There is no relationship between Mpix & Blurb other than the fact that they both use the same color space. I use Mpix (Millers) for my printing needs including comp books (Mpix print portfolio). A comp book is a collection of small scale prints of your images on a black background used to check color and brightness. In the really old days we printed contact sheets of our negs and used a loupe to review them. Mpix’s print portfolio performs the same function and allows you to proof your images before buying the first book.

          I don’t use Blurb’s ICC profiles as my preflight checks are a bit more chaotic. For me, the creative process leading up to a new book is less about accuracy and more about “feel”. So long as the colors match my expectations and the images are “vibrant” and not too dark, I’m happy.


  3. Hey Jeff…

    I was talking to a friend today and he wanted to know what the cost is to publish your own book through Blurb. As I understand it, the only cost to you is for each copy of the book you order… none for the use of the software or the actual process of publishing. Blurb makes money on the sale of any books bought (by you or others)… is that correct? He thinks that there must be some other cost involved… like a set fee. I haven’t seen any but since you have gone through the process, I thought I’d better ask before I hit the “publish” button. πŸ™‚

    BTW: Your book looks great!



  4. Jeff,

    Great post. And great information. Thank you very much. I learned stuff. That’s fun.

    Best, Kirk

  5. Very nice looking book. So, short of having a website created just for your books, and a dedicated tweeting assistant, what are the plans if any to market this book?

    • Chris,

      I released my first book last October and have sold over 500 copies from my blog worldwide. I have no plans to offer it for sale on Amazon since I prefer to keep what little profit I make rather than give it all to Amazon. If I’d wanted to become rich I’d have gone to law school. πŸ™‚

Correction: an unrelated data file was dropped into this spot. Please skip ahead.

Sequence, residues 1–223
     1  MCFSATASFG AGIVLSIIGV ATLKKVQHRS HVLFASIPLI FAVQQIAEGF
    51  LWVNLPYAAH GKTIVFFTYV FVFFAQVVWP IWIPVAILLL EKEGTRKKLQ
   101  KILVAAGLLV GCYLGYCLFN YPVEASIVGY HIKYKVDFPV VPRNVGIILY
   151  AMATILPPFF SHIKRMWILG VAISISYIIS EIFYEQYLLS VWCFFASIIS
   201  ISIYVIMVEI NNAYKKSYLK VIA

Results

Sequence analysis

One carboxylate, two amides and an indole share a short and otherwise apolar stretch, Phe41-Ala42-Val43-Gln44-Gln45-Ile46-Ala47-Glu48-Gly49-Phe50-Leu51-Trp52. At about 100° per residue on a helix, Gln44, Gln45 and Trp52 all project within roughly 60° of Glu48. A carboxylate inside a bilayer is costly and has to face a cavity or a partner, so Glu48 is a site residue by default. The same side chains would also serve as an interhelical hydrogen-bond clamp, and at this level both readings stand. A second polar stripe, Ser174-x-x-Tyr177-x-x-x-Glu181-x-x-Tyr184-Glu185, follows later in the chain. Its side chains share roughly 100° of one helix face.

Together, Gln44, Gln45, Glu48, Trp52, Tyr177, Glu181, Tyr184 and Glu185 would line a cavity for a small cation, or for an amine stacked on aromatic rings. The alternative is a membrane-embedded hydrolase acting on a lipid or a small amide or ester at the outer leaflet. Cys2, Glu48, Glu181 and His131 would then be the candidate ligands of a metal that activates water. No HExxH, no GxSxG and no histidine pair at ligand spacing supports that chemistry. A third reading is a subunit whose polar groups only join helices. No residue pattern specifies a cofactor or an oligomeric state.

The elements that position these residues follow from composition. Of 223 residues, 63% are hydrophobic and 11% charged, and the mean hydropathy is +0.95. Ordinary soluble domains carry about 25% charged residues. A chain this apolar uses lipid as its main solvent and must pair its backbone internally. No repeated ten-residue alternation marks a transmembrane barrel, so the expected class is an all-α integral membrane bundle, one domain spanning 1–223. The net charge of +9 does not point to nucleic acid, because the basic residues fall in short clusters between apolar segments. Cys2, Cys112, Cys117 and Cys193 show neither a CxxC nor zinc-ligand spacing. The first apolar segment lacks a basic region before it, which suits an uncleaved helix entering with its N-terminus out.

6. Godfather? King? HAHAHAHAHAHA. You’re funny, Jeff. When we first meet in person the first pint is on me. πŸ™‚ Self publishing is possible in a way that never was and our work can see more eyes than most photographers a generation ago wouldn’t have dreamed. Very exciting. I had problems with Blurb but it’s been a while and it sounds like they got over their growing pains. Anyways, off to Asia, just wanted to drop a line and say Hi. Thanks for the kind – if not hyperbolic – words πŸ™‚

    • David,

      It’s always a pleasure to hear from you. I’m keeping that photo of the lime green pinstripe suit stashed away for safe keeping or until Matt comes back to Texas for the holidays. Enjoy your Asia trip and travel safe. I’ll keep the Guinness warm.


    • Hey Mark,

      Thanks for the link. Nice article. And I apologize for the “old man” comment but I thought you wanted a membership in the “Old Farts Camera Club”? Ray and I are always looking for new members. πŸ™‚


  7. Well – I hadn’t purchased a craft & vision e-book, but I may not really qualify as a real photographer. However, thanks for the link to the website. I had bought his Vision & Voice book on your recommendation, now I’ll likely buy a few of the ebooks. He should be giving you a cut of the action.

    I enjoy your instructive posts, clean presentation and applicable knowledge shared well.

    • Glenn,

      I think your days as an “amateur” were over a few months back if I recall. Haven’t you hung your shingle out yet? Don’t let “The Scout” beat you to it my friend. A little competition can be a good thing for a relationship. πŸ™‚